Impossible Planet Reaction

Reception to the latest episode of Doctor Who – The Impossible Planet – has been largely favourable and indeed online comment from fans has been in sharp contrast to some opinions of earlier adventures this series.

The Doctor Who Appreciation Society (DWAS) reports that the episode received a 40% audience share, one of the new runs best:

The overnight ratings for broadcast of ‘The Impossible Planet’ were 5.9 million. Doubtless inspired by the best weather most of the UK has had for a long time, these are the lowest overnight figures that the show has had since it returned in 2005. However, when viewed as a percentage of the available audience, the figures tell a different story. On this measure the episode had an average of just under 40% audience share which is very high, and amongst the best since the show returned in 2005!

The significance of these figures is probably that Doctor Who has a strong ‘core’ audience that stayed in to watch the show. This should also be reflected in the final figures released in a week or so which will include the audience that recorded the show to view later, although the bureau (BARB) has recently reported issues with accurate measuring of Sky + viewers. Doctor Who’s position in the late spring/early summer schedules does not help the show and it will be interesting to see if this slot is also occupied with series 3

SFX Magazine’s website in particular praises Murray Gold’s excellent score, most dramatically heard in the episodes final five minutes (quite a build up to the cliffhanger, wasn’t it?):

Murray Gold provides his most cinematic and creepy score yet. There are even some musical cues from Alien and Star Trek, not to mention a brilliant use of Holst’s Mars movement from The Planets Suite. The end of the episode in particularly needed a score bigger than Who usually manages, mainly because the pictures are so much bigger. This story boasts some of the most jaw-dropping visuals Doctor Who has ever shown. Think the finales of the Indiana Jones films and Star Trek: The Motion Picture.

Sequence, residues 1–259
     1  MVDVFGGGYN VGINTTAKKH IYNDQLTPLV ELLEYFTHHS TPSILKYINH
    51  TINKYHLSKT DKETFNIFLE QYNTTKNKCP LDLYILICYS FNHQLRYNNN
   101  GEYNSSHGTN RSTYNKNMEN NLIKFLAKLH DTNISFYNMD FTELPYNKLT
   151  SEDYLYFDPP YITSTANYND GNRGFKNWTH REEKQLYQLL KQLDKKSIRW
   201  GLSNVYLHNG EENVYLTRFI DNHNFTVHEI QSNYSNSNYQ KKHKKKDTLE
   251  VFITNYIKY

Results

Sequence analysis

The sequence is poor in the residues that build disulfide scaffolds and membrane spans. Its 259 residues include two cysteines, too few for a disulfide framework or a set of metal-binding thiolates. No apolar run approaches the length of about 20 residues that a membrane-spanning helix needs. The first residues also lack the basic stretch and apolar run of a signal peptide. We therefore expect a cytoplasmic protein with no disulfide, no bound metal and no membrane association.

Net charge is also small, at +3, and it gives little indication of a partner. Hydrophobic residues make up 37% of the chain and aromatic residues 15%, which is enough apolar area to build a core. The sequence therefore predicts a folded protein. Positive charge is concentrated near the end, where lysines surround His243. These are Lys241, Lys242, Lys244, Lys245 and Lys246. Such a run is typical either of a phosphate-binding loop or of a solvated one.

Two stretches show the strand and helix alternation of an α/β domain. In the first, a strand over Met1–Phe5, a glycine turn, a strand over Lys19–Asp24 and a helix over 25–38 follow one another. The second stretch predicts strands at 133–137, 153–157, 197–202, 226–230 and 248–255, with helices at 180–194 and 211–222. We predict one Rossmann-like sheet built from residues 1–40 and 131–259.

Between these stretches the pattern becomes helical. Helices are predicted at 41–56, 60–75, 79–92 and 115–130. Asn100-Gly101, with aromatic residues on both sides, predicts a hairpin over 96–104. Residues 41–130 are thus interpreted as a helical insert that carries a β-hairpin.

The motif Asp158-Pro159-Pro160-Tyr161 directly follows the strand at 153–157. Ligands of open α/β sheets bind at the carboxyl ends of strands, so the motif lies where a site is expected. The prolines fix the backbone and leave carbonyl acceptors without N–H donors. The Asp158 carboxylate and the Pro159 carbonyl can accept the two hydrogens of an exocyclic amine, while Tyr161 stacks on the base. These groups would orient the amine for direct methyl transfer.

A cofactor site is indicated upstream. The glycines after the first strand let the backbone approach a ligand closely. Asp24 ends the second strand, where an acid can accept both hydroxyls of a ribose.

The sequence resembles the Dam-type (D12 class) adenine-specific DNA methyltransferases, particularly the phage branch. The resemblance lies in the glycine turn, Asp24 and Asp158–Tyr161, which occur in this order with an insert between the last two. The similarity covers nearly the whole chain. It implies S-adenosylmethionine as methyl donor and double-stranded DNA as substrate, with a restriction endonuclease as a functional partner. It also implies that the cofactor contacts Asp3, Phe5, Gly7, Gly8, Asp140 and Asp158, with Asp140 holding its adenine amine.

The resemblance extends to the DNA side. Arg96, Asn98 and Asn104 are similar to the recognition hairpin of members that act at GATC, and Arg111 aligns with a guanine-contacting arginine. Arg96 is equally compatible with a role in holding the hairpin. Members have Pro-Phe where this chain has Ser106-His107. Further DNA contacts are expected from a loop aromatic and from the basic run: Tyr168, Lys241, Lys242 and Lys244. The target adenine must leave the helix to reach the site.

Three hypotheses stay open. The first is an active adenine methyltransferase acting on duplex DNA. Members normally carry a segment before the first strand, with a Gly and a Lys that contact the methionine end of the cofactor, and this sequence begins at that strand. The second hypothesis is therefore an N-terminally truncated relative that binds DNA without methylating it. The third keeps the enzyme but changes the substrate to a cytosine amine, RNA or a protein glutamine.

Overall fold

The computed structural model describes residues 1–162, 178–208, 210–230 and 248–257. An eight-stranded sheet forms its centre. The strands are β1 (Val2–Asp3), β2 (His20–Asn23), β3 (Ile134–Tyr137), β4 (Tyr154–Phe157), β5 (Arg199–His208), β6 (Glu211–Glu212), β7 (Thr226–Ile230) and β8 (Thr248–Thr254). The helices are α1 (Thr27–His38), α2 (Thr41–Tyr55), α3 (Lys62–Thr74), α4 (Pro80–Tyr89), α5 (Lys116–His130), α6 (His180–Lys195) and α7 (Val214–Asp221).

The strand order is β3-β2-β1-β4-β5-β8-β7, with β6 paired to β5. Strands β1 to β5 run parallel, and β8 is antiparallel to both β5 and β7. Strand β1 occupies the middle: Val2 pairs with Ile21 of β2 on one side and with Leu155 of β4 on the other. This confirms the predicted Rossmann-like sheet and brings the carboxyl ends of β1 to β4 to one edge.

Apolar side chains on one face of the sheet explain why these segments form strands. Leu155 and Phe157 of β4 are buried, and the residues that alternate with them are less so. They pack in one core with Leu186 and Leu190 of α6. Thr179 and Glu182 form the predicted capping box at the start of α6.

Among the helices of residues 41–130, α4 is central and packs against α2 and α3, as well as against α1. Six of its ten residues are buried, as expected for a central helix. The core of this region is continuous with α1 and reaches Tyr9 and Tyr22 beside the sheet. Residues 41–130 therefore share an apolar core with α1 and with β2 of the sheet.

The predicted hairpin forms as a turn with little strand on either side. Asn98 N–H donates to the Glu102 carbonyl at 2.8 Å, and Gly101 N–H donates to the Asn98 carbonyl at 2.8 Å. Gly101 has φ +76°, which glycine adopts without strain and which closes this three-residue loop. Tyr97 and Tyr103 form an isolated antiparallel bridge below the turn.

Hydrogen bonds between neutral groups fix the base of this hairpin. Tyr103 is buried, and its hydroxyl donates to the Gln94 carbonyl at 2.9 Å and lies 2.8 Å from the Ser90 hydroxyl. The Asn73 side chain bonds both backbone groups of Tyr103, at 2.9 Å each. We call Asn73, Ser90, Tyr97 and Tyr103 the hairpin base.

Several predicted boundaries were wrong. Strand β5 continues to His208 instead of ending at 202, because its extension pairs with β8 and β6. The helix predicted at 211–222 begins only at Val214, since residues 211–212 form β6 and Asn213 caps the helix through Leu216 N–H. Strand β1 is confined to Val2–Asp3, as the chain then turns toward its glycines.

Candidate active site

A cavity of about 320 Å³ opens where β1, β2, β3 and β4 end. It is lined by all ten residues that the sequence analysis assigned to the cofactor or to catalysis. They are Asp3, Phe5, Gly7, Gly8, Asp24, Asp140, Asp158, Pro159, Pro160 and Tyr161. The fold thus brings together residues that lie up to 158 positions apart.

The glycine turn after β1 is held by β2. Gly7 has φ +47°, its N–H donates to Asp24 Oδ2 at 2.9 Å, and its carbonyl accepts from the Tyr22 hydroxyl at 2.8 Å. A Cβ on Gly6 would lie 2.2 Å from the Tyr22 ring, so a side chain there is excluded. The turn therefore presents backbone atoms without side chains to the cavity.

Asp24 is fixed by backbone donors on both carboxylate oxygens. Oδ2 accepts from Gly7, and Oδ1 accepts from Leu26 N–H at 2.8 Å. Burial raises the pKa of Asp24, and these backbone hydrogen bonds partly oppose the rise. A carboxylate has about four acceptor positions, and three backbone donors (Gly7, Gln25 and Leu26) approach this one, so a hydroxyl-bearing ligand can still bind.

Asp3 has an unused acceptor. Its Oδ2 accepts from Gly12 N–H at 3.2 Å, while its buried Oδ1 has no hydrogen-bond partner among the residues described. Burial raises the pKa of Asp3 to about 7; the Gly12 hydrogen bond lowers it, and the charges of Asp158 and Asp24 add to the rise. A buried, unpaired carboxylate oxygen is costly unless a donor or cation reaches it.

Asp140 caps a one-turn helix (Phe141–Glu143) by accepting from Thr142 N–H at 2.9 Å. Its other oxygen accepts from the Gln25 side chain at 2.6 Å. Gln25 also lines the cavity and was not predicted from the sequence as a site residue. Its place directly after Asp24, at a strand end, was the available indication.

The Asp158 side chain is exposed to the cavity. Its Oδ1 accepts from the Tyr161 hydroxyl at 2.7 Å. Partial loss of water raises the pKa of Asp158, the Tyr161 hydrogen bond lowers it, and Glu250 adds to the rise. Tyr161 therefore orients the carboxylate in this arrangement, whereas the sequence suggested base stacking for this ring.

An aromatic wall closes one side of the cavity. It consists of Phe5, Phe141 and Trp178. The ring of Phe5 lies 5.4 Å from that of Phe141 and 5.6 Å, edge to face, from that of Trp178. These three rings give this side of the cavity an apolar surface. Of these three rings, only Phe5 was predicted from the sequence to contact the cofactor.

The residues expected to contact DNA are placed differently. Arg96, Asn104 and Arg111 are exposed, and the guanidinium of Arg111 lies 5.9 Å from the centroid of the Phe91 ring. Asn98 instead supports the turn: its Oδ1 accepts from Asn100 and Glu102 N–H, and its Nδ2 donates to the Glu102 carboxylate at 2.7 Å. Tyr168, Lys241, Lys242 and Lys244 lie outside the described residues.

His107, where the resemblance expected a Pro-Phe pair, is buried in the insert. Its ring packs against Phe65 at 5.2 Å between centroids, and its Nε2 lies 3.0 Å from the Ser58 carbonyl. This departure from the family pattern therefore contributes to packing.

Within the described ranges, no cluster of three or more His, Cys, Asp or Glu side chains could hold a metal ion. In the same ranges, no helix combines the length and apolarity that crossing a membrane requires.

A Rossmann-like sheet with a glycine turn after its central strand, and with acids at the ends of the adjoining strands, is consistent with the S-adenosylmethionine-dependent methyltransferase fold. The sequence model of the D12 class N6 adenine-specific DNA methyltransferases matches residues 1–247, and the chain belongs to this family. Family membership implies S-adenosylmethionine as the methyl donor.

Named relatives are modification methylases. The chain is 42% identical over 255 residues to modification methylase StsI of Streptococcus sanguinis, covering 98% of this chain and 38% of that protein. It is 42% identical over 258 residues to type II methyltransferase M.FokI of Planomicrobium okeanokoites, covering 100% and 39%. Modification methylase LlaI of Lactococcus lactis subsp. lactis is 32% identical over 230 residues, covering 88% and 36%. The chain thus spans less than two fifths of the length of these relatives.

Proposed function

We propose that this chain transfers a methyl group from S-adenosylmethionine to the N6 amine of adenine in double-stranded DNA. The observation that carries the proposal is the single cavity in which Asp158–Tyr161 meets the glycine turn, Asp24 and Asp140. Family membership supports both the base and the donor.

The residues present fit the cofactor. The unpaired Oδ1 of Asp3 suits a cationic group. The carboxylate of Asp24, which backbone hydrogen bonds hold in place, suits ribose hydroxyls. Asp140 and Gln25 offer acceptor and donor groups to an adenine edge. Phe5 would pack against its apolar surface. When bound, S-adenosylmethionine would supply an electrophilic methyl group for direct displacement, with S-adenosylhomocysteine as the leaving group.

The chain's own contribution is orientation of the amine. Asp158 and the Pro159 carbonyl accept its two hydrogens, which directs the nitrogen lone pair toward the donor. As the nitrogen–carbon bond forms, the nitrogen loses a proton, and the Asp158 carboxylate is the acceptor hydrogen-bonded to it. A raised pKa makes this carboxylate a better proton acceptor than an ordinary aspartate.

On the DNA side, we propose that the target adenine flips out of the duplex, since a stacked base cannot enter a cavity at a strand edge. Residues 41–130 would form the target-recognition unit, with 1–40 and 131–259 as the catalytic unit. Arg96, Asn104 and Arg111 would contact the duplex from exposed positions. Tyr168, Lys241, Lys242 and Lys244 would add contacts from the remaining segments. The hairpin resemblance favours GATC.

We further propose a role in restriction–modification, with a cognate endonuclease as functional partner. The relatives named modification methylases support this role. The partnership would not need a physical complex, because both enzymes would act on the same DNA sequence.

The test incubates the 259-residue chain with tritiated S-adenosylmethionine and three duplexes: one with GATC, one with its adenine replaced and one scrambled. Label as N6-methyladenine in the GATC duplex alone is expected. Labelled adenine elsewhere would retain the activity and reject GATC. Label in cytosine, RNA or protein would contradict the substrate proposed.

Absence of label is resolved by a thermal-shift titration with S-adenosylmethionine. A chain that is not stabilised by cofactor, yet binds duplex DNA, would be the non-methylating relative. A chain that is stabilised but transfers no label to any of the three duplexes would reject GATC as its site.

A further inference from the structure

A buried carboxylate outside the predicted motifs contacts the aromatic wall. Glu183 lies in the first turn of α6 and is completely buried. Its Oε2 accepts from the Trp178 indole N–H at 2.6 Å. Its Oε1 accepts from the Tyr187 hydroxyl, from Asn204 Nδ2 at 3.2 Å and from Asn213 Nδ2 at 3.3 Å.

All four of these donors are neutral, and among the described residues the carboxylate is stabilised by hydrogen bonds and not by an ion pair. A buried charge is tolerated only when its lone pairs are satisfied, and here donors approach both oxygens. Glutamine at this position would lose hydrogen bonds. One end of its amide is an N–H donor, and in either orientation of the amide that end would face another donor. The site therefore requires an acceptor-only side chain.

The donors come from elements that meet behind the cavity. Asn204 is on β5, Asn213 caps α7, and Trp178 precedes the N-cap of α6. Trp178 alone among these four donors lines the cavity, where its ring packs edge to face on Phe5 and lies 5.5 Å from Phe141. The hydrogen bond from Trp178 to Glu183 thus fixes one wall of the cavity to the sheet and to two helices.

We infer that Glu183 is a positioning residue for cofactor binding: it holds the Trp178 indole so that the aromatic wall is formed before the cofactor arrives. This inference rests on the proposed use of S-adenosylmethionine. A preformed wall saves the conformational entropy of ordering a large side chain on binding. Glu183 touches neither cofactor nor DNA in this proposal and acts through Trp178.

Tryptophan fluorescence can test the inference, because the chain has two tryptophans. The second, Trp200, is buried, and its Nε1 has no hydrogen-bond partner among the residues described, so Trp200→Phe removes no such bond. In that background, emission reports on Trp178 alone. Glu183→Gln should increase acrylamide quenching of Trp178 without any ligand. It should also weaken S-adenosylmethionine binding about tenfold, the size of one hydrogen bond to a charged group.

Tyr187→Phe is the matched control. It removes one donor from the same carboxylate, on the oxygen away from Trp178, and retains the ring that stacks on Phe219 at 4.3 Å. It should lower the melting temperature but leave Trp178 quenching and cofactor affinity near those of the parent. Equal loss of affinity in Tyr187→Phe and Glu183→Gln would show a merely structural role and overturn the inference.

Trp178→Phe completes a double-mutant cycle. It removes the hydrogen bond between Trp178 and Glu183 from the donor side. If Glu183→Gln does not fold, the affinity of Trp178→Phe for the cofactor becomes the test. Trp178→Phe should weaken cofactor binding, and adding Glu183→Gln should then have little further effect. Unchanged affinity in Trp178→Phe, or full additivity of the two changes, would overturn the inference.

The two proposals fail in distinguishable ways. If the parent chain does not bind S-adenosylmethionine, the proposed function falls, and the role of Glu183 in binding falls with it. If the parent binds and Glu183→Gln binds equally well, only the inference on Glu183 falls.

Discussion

Upon first glance, you might think that‘s Matthew Milam was watching a different episode. But read further and you’ll see that he simply didn’t get as excited by the story as the rest of us, perhaps not being a fan himself of the “base under siege” type plot. He does however, highlight the storys weak point – the relationship between Rose and the Doctor:

Having lost the TARDIS to space, The Doctor and Rose make small talk about their future without his time machine. They speak of living together and possibly being a couple; a yucky idea indeed. I believe that “School Reunion” earlier this year already established that it wouldn’t make sense for the Doctor to be in a relationship. Yet here, the romance cliché is in full effect.

But, ultimately it can be considered a cheap-shot, making the same digs week after week – we just have to expect that Davies and the production team actually do something about it…


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